Saturday, June 21, 2008


It is easy to get angry at the violence in Scriptures – even with the violence of God. But the message is not the violence. The message lies behind the violence.

This idea does not justify the violence. To justify violence is as wrong as the violence itself. But we can’t throw out the proverbial baby with the bath water. Using the idea of a punishment/reward aspect as a cultural norm, violence becomes a natural facet of punishment. Different degrees of bad behavior require varying degrees of punishment.

A child does something wrong; a child is punished. The problem with this type of learning tool is that we feel punished far more often than we feel rewarded. Good behavior – since it is expected – is often merely that…expected. No fanfare or pats on the back because we did what was expected; rather, ordinary good behavior is most often ignored. Only exceptional behavior receives applause, laud and honor.

Yet one screwup and the reign of terror begins.

Since this is an age old way of dealing with children, does it not seem likely that it is one of those generational things we learned – one of those “traditions” that regretfully has been learned and remembered all too well? “Spare the rod; spoil the child.”

It is evident that the authors and interpreters of the Word of God fully believed this lesson.

The Hebrews do as is expected and God sits in heaven and is pleased. The only way that the Israelites know that God is pleased is by the fact that crops are growing, rain is proportional and all is well – meaning, there are no plagues of disease or insects or captivity. God only make the Holy Presence known if that Omnipotent One is Pissed Off.

Is the meat spewing out of the Israelite nostrils the main message in the Numbers 11 Scripture? No, of course not. Yes, giving the whiny Israelites what they seemingly deserve is a violent punishment and personally, I gave a certain perverse giggle at the thought of all the spewing that swept through the greedy Israelite camp. But is this truly God or merely an interpretation of the people who were inspired to write their thoughts? As is the case now, so was the case then – greed is the message.

What do I need to see in this Scripture? How does it apply to me? What does it require that I change?

Would I have been satisfied with the sweet manna from heaven each day every day for a long period of time? I seriously doubt it. From my exalted privilege of standing in front of a near full refrigerator and stating “there’s nothing to eat”, I hardly think manna every day would quench my desire.

With our crucifixes firmly attached to our walls and in our minds, we concentrate on the actual death of Jesus. The New Testament may not have God burning up cities , crushing entire armies or even sending plagues , but the idea of being nailed to a cross is fairly violent. It is easy to see how some can be distracted by it but is the message of Jesus actually about the crucifixion? I don’t believe so.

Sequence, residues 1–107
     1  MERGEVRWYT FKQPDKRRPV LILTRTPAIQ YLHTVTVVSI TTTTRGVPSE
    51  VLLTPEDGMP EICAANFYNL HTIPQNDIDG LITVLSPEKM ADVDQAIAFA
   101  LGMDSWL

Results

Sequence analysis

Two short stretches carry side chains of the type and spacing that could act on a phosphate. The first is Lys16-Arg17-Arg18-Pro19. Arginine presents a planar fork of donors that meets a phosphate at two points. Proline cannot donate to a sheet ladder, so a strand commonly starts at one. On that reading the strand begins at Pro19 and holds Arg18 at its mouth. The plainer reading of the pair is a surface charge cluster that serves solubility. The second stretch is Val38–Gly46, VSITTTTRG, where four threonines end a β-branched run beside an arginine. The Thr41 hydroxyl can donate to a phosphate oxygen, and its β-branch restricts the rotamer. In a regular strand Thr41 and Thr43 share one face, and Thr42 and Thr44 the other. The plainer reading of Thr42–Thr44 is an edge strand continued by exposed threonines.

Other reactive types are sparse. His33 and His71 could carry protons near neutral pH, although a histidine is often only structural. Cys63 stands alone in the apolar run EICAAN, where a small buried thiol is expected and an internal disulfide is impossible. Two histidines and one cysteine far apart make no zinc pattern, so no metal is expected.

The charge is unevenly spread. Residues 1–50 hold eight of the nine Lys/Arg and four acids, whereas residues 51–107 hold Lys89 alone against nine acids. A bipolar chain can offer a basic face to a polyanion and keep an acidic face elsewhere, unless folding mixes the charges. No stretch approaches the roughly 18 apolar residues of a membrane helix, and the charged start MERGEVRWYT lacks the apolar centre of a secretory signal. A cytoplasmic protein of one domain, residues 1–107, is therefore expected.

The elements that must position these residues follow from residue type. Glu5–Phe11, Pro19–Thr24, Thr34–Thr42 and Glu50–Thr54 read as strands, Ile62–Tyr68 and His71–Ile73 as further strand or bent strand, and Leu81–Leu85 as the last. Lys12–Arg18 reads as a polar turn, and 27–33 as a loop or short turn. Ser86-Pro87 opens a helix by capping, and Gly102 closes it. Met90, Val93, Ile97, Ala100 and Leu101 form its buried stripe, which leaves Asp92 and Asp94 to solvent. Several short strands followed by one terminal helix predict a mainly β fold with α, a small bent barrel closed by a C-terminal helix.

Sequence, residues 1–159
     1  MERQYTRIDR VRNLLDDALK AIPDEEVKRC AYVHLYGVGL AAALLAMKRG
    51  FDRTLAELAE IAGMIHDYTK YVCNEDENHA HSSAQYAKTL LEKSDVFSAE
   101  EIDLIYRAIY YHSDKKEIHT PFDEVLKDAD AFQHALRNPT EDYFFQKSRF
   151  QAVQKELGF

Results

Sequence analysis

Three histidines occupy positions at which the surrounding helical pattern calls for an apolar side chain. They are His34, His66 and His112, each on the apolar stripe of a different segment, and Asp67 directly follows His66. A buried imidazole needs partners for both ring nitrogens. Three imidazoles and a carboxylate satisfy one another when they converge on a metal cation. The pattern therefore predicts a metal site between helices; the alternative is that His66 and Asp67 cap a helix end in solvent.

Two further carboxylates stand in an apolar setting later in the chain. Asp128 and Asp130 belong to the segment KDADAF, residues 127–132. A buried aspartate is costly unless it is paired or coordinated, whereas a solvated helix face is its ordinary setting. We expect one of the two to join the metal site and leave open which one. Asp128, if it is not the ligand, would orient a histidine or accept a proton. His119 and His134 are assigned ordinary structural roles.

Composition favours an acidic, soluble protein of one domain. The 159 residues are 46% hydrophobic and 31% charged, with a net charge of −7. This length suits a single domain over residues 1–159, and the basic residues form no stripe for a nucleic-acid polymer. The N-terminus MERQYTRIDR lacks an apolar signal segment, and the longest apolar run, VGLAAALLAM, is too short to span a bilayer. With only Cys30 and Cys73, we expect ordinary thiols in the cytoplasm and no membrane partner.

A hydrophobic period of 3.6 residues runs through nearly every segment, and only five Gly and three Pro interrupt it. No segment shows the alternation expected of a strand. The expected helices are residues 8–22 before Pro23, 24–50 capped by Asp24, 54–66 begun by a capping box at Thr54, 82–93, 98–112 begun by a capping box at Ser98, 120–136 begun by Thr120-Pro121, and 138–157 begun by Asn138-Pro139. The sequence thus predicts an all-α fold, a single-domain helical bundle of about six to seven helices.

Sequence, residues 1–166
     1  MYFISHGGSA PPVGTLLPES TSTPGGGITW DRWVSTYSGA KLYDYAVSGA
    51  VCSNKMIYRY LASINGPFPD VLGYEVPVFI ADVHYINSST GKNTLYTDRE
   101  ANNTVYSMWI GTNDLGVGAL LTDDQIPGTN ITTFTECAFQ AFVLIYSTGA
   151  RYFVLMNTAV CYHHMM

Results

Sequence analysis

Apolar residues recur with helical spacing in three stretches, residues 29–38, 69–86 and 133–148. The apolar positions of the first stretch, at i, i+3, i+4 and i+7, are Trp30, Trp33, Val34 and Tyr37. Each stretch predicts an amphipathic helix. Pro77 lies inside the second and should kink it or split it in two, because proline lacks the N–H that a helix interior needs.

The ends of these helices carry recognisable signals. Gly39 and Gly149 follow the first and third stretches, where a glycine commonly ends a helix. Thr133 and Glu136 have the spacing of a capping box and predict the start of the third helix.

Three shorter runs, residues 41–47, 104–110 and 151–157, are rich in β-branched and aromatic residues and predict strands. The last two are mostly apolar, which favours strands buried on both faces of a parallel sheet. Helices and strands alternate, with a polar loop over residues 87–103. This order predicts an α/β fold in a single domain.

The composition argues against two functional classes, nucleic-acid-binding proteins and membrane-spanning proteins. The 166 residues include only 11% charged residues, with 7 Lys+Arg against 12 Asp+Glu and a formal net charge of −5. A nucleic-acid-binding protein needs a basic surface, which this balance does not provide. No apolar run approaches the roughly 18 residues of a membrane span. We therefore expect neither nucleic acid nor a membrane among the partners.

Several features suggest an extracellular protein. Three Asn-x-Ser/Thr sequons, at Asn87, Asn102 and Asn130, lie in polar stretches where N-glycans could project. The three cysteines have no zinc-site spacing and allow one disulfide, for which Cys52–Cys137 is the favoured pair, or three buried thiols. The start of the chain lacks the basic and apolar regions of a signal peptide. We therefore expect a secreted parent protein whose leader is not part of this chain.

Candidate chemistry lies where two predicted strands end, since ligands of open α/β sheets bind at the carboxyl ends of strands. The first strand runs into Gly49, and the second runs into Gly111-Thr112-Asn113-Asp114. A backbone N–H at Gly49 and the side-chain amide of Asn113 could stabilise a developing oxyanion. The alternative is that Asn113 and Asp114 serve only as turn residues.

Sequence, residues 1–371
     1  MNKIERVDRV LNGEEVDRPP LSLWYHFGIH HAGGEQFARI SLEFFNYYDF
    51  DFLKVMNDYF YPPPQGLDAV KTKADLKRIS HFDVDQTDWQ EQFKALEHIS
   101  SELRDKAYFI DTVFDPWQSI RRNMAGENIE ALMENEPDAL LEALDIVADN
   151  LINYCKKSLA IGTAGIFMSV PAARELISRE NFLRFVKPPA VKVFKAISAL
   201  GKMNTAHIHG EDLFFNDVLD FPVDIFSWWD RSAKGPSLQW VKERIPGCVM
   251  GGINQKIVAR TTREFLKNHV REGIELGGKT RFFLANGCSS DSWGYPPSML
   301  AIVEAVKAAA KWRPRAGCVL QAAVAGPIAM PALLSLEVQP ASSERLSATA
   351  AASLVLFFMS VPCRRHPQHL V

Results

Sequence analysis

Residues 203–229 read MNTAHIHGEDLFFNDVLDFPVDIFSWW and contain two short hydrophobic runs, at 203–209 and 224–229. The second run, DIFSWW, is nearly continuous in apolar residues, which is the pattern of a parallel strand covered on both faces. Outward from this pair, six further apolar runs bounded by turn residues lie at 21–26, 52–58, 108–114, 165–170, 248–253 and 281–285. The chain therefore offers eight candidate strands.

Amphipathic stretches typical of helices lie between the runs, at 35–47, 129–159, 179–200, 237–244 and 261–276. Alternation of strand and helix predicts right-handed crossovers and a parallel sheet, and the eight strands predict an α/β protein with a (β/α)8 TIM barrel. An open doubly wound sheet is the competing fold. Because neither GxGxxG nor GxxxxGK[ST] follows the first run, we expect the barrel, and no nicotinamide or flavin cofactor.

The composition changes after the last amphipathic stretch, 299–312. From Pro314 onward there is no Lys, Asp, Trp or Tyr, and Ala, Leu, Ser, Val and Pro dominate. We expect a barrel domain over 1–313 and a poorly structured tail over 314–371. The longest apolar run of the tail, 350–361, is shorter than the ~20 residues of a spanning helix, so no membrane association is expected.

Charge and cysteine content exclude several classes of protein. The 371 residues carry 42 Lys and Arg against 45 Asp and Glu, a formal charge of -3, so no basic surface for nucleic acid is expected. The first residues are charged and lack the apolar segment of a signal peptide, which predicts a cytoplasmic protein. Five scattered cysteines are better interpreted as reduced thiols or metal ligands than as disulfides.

Hanging offenders on a cross in public was a punishment meant to deter others from the same crime. It was a normal way for the Romans to mete out punishment. Jesus was a terrible offender. He offended mightily those who held tightly to what they perceived to be their own authority. Therefore, as is the case then and now, if a person offends the authority too much or for too long, that person is at minimum incarcerated or at most (or in Texas) killed. It is just the “norm”.

Did Jesus have to die? Don’t know. Don’t care. Not the point in this argument.
What I do care about is what I perceive to be the dual message behind the violence of the crucifixion – the life of Jesus and the resurrection of the Christ.

To concentrate on the crucifixion, even to berate and decry the violence of it, is to lessen that life which Jesus lived and which ultimately led to his death. He lived a life that was in such contrast to that life being taught; he frightened those in power, so much so that they wanted him dead.

The message is this – If we buck the system, we run the risk of dying.


Because of the death, we have the Resurrection. Those who give their lives will find their lives. Jesus said so.

No one can take away that which is given to us by that message.

Even if we die, we will live. That is the stuff of martyrs and saints.

What is this life but a chance to Live? Are we not called to follow Jesus? But how far? A little bit of the way? Half way? Or all the way? How far?

All the way into the Resurrection…